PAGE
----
“If we can find another vein on our prospective regional landholdings, it will add to the critical mass La India needs to attract the attention of a potential suitor. We are looking to take the core area of three veins to at least three-million ounces and possibly tot five-million ounces, from about 2.3-million ounces now. We are looking for about 40% more economical ounces to take the project to the next phase,” he said.
Child noted that is a “no brainer” to drill down dip and along strike. There’s also significant resource potential at depth. “We think there’s another million ounces down there somewhere,” he advised.
Should the company be successful in growing its reserves, it would consider building an expanded scenario producing 165 000 oz/y, by adding feeder pits and underground operations. A prefeasibility study on La India has formulated a mine plan based on a mineral reserve of 6.9-million tonnes grading 3 g/t gold for 675 000 oz gold, producing 80 000 oz/y of gold for seven years.
Child advised that the permitting sticking point surrounds community resettlement because of the project. Child said that government has given the company assurances that it needs and supports the mine development, but added that government will have to strike a settlement deal with the community.
Gold is the third biggest export of Nicaragua and the socialist government has a slogan that embraces mining as critical to open doors to the communities’ economic growth.
Child described the Nicaraguan economy as booming, playing catch-up with other developing economies in the region. “When one looks around the world regarding where one can mine, Nicaragua is one of the best jurisdictions in the world.”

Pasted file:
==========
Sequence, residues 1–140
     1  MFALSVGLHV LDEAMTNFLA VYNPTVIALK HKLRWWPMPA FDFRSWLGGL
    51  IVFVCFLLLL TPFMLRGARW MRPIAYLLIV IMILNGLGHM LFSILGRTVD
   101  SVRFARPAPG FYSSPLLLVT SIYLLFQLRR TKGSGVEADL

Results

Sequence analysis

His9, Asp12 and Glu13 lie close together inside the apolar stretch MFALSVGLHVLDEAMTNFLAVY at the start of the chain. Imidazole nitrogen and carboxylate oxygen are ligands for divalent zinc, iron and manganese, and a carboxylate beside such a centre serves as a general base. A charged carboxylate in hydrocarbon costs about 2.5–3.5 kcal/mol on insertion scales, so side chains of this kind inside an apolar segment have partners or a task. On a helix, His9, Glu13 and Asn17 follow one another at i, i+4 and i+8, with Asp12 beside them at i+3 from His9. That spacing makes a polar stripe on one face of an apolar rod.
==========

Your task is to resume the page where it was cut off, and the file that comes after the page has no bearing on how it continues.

Child is optimistic that government will move on the La India permits soon, seeing that it has permitted three other openpit developments in Nicaragua in the past three months for B2Gold and Golden Reign.
Condor has put together a strong corporate social responsibility team to conduct the company’s community engagement efforts to World Bank Standards, and which also owns a 7.3% stake through the International Financial Corporation.
“It’s an old mining town that relied on the mine until its closure in 1956. Ninety per cent of the community welcomes the mine redevelopment, but there remain feelings of hostility among a small group of residents. We are engaging the communities as we speak. There is a lot of support too for the creation of 500 new jobs and to help pull people from hazardous artisanal mining,” he said.
He pointed out that epithermal systems usually have the potential to produce for decades and up to half a century.
He says the company is in for the long haul and plans to see the project through to the construction and operating phases. However, there is a market for regional plays such as La India, and he is keenly aware of the “big boys” skulking on the side lines and willing to pay premiums for district-scale projects, as their hunt to replace mined ounces intensifies. “An endorsement from a major miner will go a long way to revive investor interest,” he said.
Child further noted that at the average grade of 4 g/t gold, the project delivers an all-in sustaining cost metric of about $700/oz, attesting to the project’s robust economics.
Child said that once the mining permit has been issued, it will take about another year of infill drilling to aid in a feasibility study to arrive at a construction decision. He has already been approached by a host of potential debt funding partners, while other funding options such as streaming deals remain open.